Other Past Projects

Constraints Decoupling

This work takes place in the context of research towards intelligent tools that could assist developers in the design and deployment of applications. I wrote a Prolog program that takes the UML diagram of a program, some constraints required by designers expressed as predicates, and checks if the program complies to the constraints, and if not where the violations are. This work got integrated within the Stratego software.


C Code Inliner

The input code is written in C but with some slightly different rules and some restrictions which led to call the input language "textual C".
The program takes several input code files and combines them into one single output file. This final file contains procedure code where the input files contained procedure calls.

The idea of this work was to introduce in the C language the possibilities of a special inlining. This inlining is different from the inlining found in C++ as it imposes some constraints but also allows new possibilities on the structure of the input code. It is possible for a user to write a modular code not usable for compilation with a C compiler but outputting a correct and efficient inlined code.
For example let's assume the existence of some variables in a parent code file for which we know the exact name. A parent code is some code that will call a function within the file we are writing. We know when writing our module that these variables will be properly declared in the final output code as the code will be moved to the parent code where the variables are declared. Therefore we can use in our module some declarations, locally unknown, but which will be known at the end of the process.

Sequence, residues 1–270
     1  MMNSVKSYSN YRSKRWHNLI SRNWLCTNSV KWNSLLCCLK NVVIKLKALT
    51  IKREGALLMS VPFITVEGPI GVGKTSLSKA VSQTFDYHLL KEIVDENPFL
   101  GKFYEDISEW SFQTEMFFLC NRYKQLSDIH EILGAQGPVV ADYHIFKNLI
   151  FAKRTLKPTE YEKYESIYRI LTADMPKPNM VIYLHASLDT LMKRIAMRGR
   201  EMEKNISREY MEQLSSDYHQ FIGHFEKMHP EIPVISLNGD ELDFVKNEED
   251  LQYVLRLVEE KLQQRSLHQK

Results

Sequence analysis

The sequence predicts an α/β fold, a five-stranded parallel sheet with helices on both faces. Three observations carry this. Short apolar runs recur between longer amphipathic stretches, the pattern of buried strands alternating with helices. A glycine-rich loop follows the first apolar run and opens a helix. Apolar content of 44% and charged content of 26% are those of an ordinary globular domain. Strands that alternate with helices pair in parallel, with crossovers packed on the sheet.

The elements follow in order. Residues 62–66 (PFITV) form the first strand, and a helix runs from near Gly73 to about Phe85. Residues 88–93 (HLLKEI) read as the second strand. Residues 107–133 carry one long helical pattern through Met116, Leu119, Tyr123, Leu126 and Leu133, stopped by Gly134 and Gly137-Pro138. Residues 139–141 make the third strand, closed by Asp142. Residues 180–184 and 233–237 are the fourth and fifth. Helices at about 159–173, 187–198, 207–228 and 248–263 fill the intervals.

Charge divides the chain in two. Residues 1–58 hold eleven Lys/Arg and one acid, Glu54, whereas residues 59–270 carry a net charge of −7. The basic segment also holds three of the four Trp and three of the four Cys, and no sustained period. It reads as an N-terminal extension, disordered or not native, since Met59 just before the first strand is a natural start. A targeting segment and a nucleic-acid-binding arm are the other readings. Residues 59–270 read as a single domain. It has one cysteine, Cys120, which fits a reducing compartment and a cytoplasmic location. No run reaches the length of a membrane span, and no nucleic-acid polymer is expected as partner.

This is just a basic example among others but this work proved that according to some rules a lot of new code optimisations are possible. The user can write a clear modular program, as usual, and the tool is in charge of optimising the code outputted into one file without any loss of efficiency.

When I stopped working on this, more optimisations remained possible. The tool was a first prototype aiming at demonstrating the potential of the method with a proof-of-concept.

This project was proposed by the CAPS project of the IRISA-INRIA (National Institute for Research in Computer Science and Control, Rennes, France) and both supported by the IRISA and and Texas Instrument. For copyright reasons I cannot put it online.



This work was achieved in the context of the Design for Trustability approach, project directed by the IRISA-INRIA (National Institute for Research in Computer Science and Control, Rennes, France), and the VALORIA computer science laroratory (Vannes, France).

The JMutator tool was designed to test Java classes with the mutation method. This method consists in injecting errors inside a Java program, using mutants of some of its classes, and then analysing the program's behaviour at runtime when undergoing a set of tests. If the program crashes because of a no respect of a contract then the program is able to detect an internal exception. If the program does not crash it is then likely to be running with an internal error, in which case either no test case is testing the mutated code or the contracts failed to locate the error.

For a presentation of the project you can check out http://www-valoria.univ-ubs.fr/aglae/seminaires/2001/FEIT.html.
Typing "jmutator" in Google should also give a couple of pages about the tool and the mutation test method.

JMutator image

This program belongs to the IRISA and VALORIA labs. Therefore I cannot put it online.